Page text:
April 17, 2003
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Bognar to screen latest film, ‘Gravel’

Crew members working at dawn during the filming of ‘Gravel,’ a short film by Steven Bognar. The film will have its local premiere this weekend.

Picture the shadow of a biplane rumbling across a grassy field in the late afternoon sun. To Steve Bognar, documentary filmmaker by day, narrative lyric filmmaker by night, that image is like the memory, a fleeting notion of something in constant change.

His short film “Gravel,” premiering locally Saturday, April 19, at the Little Art Theatre, cultivates a rich landscape of themes that subtly address the way generations remember their families and their cultural heritage while navigating through the multi-textured relationships that exist between them.

Local resident Iris Bieri, currently a student at Earlham College, plays a young daughter who leaves her urban skateboard life to take a day trip into the countryside with her mother. The mother, a social workaer played by Antioch theater director Louise Smith, finds herself compelled by a sense of romance to visit a former client (played by local resident Bruce Cromer) on parole. The 16-minute film is a glimpse into the conflicting bond between the two women, who are at intervals snarling with hate and full of needy adoration.

“One thing with these relationships is the contradictory impulses,” Bognar said. “The impulse to be kind is sometimes right next door to the impulse to be mean.”

Delving into the push and pull of this dichotomous relationship, Bognar said, is partly a result of helping his partner, filmmaker Julia Reichert, raise her daughter. Much of the emotion in the film hinges on the slightest curl of the lip or a sideways glance that shows the mother’s emotional discomfort with herself, and the daughter’s pushing her to go beyond that place.

“It was astounding how the actors would create these moments,” he said, “it was like a jazz improv, where they would do it one way and it would be amazing, and then they’d do it again a different way and that one would be amazing too.”

Bieri said she enjoyed learning how to transfer her theater experience from the stage to the screen.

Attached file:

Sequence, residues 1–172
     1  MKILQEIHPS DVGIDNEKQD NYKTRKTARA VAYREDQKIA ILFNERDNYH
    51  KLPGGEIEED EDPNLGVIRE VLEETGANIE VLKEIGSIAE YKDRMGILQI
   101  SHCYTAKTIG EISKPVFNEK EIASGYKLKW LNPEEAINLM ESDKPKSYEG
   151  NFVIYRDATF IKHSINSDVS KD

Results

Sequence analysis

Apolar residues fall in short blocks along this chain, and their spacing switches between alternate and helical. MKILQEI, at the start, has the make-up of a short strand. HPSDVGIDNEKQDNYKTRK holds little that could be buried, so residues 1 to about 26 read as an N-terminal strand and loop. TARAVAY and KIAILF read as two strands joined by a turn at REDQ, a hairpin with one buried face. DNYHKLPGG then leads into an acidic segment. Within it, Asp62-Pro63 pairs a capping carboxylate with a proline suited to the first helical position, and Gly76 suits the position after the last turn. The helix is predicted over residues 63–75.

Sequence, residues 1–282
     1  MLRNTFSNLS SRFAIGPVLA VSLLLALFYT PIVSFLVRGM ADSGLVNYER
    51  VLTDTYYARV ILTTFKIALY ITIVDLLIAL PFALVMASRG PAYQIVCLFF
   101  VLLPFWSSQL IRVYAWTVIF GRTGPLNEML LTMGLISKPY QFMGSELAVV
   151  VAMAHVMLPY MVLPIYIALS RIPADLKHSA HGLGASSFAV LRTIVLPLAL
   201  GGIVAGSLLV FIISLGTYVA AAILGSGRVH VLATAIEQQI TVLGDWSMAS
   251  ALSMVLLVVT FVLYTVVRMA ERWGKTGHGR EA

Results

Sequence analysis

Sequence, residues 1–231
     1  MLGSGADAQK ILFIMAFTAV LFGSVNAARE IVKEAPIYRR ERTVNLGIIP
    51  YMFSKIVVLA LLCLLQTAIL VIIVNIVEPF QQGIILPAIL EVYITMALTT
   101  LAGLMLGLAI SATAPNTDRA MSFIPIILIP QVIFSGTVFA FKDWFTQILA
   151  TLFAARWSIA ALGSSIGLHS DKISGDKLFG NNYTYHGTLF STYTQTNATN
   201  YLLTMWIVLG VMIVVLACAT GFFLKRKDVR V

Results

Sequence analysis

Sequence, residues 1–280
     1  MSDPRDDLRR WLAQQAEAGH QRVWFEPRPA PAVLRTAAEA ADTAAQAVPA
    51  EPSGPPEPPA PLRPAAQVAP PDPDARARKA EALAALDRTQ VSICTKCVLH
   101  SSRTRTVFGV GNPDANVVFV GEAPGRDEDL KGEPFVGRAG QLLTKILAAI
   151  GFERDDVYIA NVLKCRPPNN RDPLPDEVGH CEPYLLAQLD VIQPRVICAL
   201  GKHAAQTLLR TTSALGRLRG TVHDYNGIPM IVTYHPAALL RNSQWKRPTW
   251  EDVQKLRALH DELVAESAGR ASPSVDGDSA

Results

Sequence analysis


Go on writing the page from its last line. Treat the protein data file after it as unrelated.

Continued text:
“It was really nice doing something a lot more molecular,” she said. “And going to Sundance was awesome, getting to see a lot of other powerful films and being able to see myself on the big screen.”

Though “Gravel” premiered at the Sundance Film Festival in January, some of the cast still hasn’t seen the finished version of the film to know which takes the editors decided to keep. Smith said she was looking forward to seeing which scenes they kept.

“Steve really crafted the story and script and tried to help us understand what he wanted,” she said.

Smith describes some of the film’s characters as punk rockers and said her favorite experience was dressing up like a rock star.

“I do have these Mick Jagger/Tina Turner fantasies,” she said.

The rocker theme goes well with the grunge feel of the central characters’ world of concrete and cement, filmed in Springfield, Dayton and Cincinnati. They come from a family of working class women who have left their Appalachian roots.

As the daughter remembers how her grandmother (local resident Willa Dallas) came to the city for factory work, the film turns grainy like gravel. It is a memory within a memory, which fades and changes as time passes. The concept is tied to the way a farming heritage is given up for streets and tall buildings and an urban life.

Even in a fiction film Bognar cannot ignore the potential for social comment. He is foremost a documentarian.

Two of his documentary films, Personal Belongings and “Picture Day,” a short, were featured at the Sundance Film Festival several years ago.

Bognar, however, will continue to devote most of his time to documenting real life issues.

The time consuming expense of making films brings a filmmaker to choose projects with great care and discretion. The stories should clearly be “worth telling,” and the subjects should “have more potential to be useful,” he said.

“Gravel” will be shown on Saturday, at 1 and 2 p.m., with an introduction and closing with Bognar, Reichert, who produced the film, cinematographer Michael King and some of the actors. The film then shows at the Neon Movies in Dayton on Easter Sunday, at the Nashville and Athens Film Festivals and in Atlanta in early June.

—Lauren Heaton